The War of Perceptions

Abby Zimet

The visit by Defense Secretary
Robert Gates to southern Afghanistan's Now Zad, the scene of the first big military push after Obama's surge, was supposed to illustrate the success of U.S. policy, and many media reports dutifully reported it as such – the rebirth of a city, the Christmas miracle. But it doesn't take much reading between the lines, or down into the stories, to note the discrepancies.

In a dusty town still strewn with 5,000 land mines and lacking sewers and electricity, Gates' short walk required armed guards all around, helicopters overhead, razor spools down the middle of the street, rifle-toting Marines on rooftops, and a "security bubble" created by keeping out the very townspeople Marines fought to bring back after the Taliban drove them out. As it is, only 2,500 of 30,000 have returned, the streets are empty, and the shops are bare. That's some success story.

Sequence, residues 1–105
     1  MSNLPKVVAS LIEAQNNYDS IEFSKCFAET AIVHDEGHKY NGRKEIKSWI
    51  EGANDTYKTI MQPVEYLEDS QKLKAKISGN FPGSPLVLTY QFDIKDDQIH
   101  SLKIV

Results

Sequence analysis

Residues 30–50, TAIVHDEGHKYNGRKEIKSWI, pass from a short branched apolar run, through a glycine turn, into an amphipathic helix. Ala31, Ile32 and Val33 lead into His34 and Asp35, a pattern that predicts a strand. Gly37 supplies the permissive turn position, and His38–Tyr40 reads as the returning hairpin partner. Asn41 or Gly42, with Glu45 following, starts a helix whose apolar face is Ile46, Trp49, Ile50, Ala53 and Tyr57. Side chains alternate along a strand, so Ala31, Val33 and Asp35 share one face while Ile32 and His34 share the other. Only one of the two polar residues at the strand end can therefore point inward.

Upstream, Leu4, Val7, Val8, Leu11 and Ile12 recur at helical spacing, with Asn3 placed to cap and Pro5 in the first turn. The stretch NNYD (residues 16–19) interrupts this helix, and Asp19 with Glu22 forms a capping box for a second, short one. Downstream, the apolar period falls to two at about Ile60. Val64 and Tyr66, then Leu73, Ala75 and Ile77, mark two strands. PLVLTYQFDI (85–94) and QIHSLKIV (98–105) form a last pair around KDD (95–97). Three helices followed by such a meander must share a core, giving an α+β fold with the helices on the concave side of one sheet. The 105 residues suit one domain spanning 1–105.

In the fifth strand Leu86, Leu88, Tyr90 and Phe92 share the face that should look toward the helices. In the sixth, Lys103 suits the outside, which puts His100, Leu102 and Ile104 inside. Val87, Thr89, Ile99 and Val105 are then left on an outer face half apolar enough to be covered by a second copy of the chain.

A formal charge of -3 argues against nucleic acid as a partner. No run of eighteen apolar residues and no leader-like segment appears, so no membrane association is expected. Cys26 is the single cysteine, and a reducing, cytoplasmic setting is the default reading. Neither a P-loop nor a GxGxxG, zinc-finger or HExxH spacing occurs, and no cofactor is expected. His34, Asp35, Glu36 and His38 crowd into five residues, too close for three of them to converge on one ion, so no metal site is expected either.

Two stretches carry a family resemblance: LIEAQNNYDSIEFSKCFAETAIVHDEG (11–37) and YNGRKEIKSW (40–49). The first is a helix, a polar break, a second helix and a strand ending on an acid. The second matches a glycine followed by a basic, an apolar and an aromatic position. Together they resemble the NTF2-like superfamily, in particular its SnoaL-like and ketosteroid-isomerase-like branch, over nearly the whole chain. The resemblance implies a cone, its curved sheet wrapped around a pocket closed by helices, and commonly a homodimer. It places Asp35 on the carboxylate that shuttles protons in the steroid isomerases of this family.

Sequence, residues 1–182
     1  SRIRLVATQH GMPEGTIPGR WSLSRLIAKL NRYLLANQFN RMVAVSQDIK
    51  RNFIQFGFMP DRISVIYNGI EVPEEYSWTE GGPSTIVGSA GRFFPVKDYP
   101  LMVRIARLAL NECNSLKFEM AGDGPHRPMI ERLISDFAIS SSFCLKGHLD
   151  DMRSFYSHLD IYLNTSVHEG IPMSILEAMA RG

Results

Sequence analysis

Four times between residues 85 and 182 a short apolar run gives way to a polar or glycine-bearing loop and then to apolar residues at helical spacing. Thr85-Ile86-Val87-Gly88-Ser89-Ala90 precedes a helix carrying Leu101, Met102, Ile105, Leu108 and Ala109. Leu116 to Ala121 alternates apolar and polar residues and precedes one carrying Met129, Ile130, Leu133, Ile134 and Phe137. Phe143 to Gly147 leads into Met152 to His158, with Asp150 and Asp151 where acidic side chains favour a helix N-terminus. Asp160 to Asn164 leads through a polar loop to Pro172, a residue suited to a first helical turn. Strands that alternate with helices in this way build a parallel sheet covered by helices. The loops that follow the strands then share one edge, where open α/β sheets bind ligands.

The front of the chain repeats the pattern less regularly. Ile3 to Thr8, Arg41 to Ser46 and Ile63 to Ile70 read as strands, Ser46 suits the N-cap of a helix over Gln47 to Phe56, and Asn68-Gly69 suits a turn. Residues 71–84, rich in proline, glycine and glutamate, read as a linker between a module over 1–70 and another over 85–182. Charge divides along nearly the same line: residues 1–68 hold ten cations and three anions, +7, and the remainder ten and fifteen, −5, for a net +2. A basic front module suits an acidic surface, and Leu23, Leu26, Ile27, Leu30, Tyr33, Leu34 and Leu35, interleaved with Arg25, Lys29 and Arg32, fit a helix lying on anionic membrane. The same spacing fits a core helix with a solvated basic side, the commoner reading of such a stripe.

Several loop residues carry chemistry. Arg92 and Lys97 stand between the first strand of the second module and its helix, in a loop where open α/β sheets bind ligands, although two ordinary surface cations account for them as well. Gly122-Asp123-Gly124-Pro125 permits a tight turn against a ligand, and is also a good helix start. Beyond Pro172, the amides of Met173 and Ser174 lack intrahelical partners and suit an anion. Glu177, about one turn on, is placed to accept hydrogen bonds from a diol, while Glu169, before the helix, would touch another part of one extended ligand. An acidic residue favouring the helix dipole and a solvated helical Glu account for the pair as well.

With Gates' visit, Now Zad has become part of the propaganda campaign now being waged to prop up an increasingly unpopular war. It's the second step in that campaign: The first was Marja, where American officials conceded they were looking for a "large and loud victory" to bolster U.S. public opinion.

In Afghanistan, "success" is clearly in the eyes of the beholder, or the "information operations" officer. For those of us old enough to remember, it all brings back Vietnam's infamous Five O'Clock Follies, those endless misinformation briefings for the U.S. press that one member dubbed "the longest-playing tragicomedy in Southeast Asia's theater of the absurd." Here, "longest-playing" is the scariest part. How long will this tragicomedy take to end? 

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